BY YONAH LIEBERMAN AND MATAN NAAMANI
Published April 9, 2012
Two weeks ago, 20 University students descended on Washington, D.C. for the third annual J Street National Conference. The conference’s theme was “Making History,” and together with more than 2,500 other attendees — including more than 650 students from 125 schools — we made history.
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This was the largest J Street conference in history. Never before have so many pro-peace advocates come together in one place to stand up for a two-state solution that includes a Jewish and democratic state of Israel alongside an independent state of Palestine.
There were numerous speakers of note. Former Israeli Prime Minister Ehud Olmert gave the keynote speech at the conference’s Gala Dinner. He expressed his belief in Israel's partner in peace, Mahmoud Abbas, the president of the Palestinian Authority. His passion and conviction could have convinced any person who may have doubted the possibility of a resolution. Amos Oz, the most famous novelist in Israel’s history, told the conference that it was time for Israel and the Palestinians to move from their painfully tangled relationship to one where each could live separately and independently. Oz told J Street that he had waited a long time for our organization to exist.
The energy of the conference, however, can’t — and won’t — remain in D.C. Over the next two weeks, we will be asking student leaders from groups across campus to sign a simple, yet strong declaration: “We support vigorous American diplomatic leadership toward achieving a two-state resolution to the Israeli-Palestinian conflict.”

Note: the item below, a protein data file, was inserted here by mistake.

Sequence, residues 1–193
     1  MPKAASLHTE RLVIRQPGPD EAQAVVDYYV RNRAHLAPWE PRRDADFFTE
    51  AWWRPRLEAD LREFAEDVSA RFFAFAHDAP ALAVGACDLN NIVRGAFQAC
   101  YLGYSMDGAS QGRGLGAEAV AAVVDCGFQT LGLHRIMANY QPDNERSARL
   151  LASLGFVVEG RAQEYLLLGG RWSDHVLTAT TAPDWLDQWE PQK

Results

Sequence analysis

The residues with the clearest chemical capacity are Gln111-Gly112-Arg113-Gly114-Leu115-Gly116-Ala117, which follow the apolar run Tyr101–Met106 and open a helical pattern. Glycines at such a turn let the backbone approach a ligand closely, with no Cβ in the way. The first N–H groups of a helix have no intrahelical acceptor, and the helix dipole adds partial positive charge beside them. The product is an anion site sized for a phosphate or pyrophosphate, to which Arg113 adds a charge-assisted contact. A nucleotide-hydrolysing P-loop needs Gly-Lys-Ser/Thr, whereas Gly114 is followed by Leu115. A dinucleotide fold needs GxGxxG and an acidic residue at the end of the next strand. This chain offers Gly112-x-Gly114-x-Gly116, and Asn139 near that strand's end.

To many, this statement reads as obvious — of course our government should be encouraging peace. Yet, the harsh reality is that our politics, when it comes to the Israeli-Palestinian issue, are broken.
We know they're broken when the Florida Legislature passes a unanimous resolution saying the occupied territories belong to Israel, when major candidates for the U.S. presidency say “There are no Palestinians,” and when an American president is hammered relentlessly as being insufficiently pro-Israel simply for proposing negotiations based on the parameters set since President Bill Clinton’s go at negotiations in 2000: the 1967 lines with mutually agreed-upon land swaps.
Despite this rhetoric, without a two-state solution, the conflict will likely continue for generations. We need to act now.
This does not mean it’s easy. Hamas continues to promote virulent anti-Semitism and refuses to even recognize Israel’s right to exist as a state. As long as Hamas unilaterally controls Gaza, condones sending rockets across the border and does not change its fundamental political outlook, a Palestinian state will remain inconceivable.
On the other hand, the continued expansion of settlements in the West Bank poses another great threat. Over the past two decades, the number of Israeli settlers in the area has more than tripled, which makes drawing the contours of a Palestinian state even more difficult. This is especially true in East Jerusalem, where Palestinians are being systematically evicted from their homes and replaced by ultra-religious Jews, as we wrote about in The Michigan Daily last semester. With each new settlement, it becomes harder for Israel to propose a state that the Palestinians can accept.
This is why it’s so unlikely that the parties will resolve this conflict on their own. This is why our government has such an important role. Unfortunately, in our politics there is little incentive for politicians to encourage a two-state solution. Reshaping this political landscape is why J Street was founded.
This is why our voices are so important. Two weeks ago at the conference, we — the future of pro-Israel — walked across Capitol Hill, talking to our members of Congress about the need to fight for a two-state solution. We want to thank Congressmen John Dingell, John Conyers III and Hansen Clarke for signing onto the Cohen-Connolly-Yarmuth letter asking President Barack Obama to recommit to the two-state solution.
We ask that you, the leaders of this campus, do that as well. Stand up and tell the public what the majority of us here on campus already know. Sign our declaration: “We support vigorous American diplomatic leadership toward achieving a two-state resolution to the Israeli-Palestinian conflict.” Let’s make the voice of our generation heard.